I agree with most of you in that I’d prefer to keep our original 35 people. My fiance’s thought behind including thosewho have invited themselves was: “we’re getting married in a public place, so how can we tell them they can’t watch us get married but complete strangers can?” Which I understand, but I don’t think he realizes the logistics behind everything. I don’t know these people (which is why they weren’t part of our 35), but he swears they would be happy to just be allowed at the ceremony. I feel like it would be rude and we shouldn’t exclude them or totally change our plans because they invited themselves.
We wanted a small wedding mainly to keep stress low, but planning with him has been tough! I have had to fight tooth and nail to get him to agree to a dinner for our guests, a place to sit for everyone during said dinner, and not cooking the food ourselves. Yesterday he suggested those not invited to the dinner but just the ceremony “can pack a sandwich or eat ahead of time”. I’m trying, Bees! I appreciate your feedback!
Post # 9
bostonbee2018 : That would be a nightmare if they showed up for dinner where we were! Thanks so much for bringing that up, I hadn’t thought of that.
We’re going to have the short ceremony at Nubble Point, which is pretty large so I think we can find a space for us to stand. For it being a public place, we are very easy going and our 35 guests are all immediate family and closest friends, so they are all aware of these plans. There’s no rain plan though, we will have to keep an eye on the weather and sort something out if it is looking bad. I have a call in to ask about renting the gazebo at Ellis Park which would give some cover, but not sure if Fiance will go for that since we ideally would like to get married in front of the lighthouse.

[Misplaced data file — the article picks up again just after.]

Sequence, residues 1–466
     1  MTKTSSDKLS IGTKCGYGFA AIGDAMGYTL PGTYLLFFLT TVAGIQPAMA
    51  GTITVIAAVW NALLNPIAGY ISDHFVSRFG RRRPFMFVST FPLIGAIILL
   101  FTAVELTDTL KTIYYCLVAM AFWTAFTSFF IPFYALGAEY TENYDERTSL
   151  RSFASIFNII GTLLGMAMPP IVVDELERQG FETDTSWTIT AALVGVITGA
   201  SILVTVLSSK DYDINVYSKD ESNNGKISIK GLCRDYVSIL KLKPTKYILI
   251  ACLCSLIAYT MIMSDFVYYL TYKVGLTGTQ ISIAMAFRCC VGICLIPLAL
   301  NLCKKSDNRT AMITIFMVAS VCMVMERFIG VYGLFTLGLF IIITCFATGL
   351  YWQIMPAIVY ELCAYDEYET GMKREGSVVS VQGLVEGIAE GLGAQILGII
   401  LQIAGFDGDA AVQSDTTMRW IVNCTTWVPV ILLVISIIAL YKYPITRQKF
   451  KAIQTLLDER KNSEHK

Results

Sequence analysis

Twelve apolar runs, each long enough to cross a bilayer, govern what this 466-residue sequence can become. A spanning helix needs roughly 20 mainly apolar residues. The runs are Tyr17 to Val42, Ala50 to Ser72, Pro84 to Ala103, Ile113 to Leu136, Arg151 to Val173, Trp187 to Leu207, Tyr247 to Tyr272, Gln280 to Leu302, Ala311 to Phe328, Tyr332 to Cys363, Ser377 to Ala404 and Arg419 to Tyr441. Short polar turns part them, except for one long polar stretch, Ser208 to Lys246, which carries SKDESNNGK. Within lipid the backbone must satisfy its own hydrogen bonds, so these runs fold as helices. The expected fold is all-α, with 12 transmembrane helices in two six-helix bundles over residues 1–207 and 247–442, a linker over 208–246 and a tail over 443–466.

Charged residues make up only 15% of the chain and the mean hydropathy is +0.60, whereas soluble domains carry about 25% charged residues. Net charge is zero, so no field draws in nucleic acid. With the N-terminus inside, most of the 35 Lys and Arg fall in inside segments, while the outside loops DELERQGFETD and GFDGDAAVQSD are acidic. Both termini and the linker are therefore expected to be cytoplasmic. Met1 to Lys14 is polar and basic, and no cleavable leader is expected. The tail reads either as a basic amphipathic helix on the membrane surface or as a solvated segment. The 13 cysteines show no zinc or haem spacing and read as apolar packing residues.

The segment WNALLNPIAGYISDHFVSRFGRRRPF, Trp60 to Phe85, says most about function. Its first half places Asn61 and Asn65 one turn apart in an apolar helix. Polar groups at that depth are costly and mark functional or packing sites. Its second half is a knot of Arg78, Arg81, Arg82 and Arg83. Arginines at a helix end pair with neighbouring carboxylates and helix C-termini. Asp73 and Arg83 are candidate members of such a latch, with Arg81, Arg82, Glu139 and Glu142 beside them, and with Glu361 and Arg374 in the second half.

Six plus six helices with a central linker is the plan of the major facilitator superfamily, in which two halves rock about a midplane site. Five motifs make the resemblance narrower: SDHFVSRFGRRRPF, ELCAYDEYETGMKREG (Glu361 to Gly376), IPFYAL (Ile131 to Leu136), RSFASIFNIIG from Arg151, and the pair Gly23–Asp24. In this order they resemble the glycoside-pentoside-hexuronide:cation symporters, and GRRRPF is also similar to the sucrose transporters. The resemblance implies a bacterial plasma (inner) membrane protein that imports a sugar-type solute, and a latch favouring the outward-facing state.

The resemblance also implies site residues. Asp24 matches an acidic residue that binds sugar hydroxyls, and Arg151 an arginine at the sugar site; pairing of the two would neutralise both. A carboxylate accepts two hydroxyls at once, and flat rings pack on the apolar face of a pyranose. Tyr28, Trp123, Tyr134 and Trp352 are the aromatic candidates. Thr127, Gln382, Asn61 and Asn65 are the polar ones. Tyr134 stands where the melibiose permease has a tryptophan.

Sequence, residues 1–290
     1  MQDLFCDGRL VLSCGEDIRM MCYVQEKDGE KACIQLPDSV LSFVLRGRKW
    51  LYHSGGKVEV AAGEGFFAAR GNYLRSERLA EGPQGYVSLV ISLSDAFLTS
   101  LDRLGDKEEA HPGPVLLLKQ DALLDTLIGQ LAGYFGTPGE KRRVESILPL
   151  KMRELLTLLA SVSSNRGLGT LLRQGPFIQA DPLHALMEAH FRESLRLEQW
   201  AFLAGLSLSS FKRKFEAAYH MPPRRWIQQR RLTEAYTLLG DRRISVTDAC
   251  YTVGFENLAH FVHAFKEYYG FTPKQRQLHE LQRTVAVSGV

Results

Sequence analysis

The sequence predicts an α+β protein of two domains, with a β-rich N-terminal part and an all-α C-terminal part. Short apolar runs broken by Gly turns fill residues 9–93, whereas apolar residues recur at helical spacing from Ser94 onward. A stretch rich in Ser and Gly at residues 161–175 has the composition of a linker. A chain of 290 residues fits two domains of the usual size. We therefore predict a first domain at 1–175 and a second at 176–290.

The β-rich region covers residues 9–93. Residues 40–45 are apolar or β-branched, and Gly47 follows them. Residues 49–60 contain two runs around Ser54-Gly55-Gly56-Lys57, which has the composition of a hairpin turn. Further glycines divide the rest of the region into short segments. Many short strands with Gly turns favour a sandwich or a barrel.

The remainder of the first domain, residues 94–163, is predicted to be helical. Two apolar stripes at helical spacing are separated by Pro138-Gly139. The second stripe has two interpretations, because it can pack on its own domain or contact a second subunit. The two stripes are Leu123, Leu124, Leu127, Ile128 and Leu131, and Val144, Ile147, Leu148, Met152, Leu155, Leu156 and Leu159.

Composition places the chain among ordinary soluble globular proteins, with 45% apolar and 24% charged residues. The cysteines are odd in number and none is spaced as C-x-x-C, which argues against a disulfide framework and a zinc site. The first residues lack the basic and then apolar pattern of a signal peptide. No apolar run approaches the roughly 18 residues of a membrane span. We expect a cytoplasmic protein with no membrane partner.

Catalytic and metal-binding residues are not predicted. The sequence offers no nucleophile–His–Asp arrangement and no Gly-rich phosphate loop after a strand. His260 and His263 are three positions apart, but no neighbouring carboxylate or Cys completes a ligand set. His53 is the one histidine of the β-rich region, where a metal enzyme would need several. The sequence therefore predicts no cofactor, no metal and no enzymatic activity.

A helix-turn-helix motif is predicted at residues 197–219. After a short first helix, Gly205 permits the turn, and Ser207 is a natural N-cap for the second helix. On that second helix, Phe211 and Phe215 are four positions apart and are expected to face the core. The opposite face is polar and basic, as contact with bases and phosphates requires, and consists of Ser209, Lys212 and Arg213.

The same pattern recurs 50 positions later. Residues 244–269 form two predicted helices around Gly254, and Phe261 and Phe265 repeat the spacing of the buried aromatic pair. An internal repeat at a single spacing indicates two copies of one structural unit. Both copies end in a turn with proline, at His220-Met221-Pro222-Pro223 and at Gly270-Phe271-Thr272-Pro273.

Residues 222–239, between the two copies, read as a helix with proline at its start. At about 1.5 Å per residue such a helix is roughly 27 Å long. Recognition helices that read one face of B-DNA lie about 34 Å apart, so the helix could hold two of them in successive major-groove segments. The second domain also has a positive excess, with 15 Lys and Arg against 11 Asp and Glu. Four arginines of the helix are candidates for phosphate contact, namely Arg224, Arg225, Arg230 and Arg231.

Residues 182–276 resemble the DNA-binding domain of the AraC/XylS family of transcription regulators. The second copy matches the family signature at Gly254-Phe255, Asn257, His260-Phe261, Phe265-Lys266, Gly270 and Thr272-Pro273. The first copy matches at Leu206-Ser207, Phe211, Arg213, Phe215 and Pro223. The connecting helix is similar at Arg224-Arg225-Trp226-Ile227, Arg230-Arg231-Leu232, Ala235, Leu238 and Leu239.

I think the public ceremony spot is about as much uncertainty as I can handle. The logistics of having a cocktail party on the public beach would add so much stress for me! Just trying to find a good compromise with Fiance to include those he cares about but that aren’t in the 35 guests.
Post # 10
co_katherine : “We wouldn’t broadcast this” — You wouldn’t broadcast it because you know it’s rude. That’s your answer, bee. This is a hill to die on. Your fiance is wrong and you need to stick to your guns on this. Word WILL get out that there’s a dinner, and people will rightfully be hurt and angry. This is really bad. You aren’t inviting the strangers to watch you, they just happen to be there. If you INVITE people to be there, and then treat them second rate, that’s terrible.
Post # 11
Daisy_Mae : “You aren’t inviting the strangers to watch you, they just happen to be there. If you INVITE people to be there, and then treat them second rate, that’s terrible. “
Perfect way to phrase this, thank you!
Post # 12
This is known as a tiered reception and in the US it’s definitely rude and unacceptable. If the wedding is not local to you or either family then it’s also a domestic destination wedding, which is an imposition on all of your guests as well.
I would stick with your guest list and would not invite people to any wedding related events who are not also invited to the wedding, including the next day.
Post # 13
co_katherine : That’s funny that your fiance suggested they pack a sack lunch lol, men… he probably doesn’t understand the “etiquette” that comes with wedding planning.
If it isn’t a far trip for the other people, I don’t see anything wrong with celebrating with them the day after although that type of thing is pretty frowned upon on the bee (refer to PP and like a million other threads here) but I think it’s just about knowing your crowd, which it sounds like you don’t know these extra people but your fiance does.
Good luck with the planning!
Post # 14
I know a few time here in Australia this occurs. People self invite to a beach ceremony because it’s public and no one wants to say no you cannnot come.
The bunch that actually show up are pretty few and usually elderly. They don’t seem miffed about not attending reception.
I don’t understand how people feel they can invite themselves though!?
Post # 15
co_katherine : Don’t do it. A tiered event is tacky af in the USA.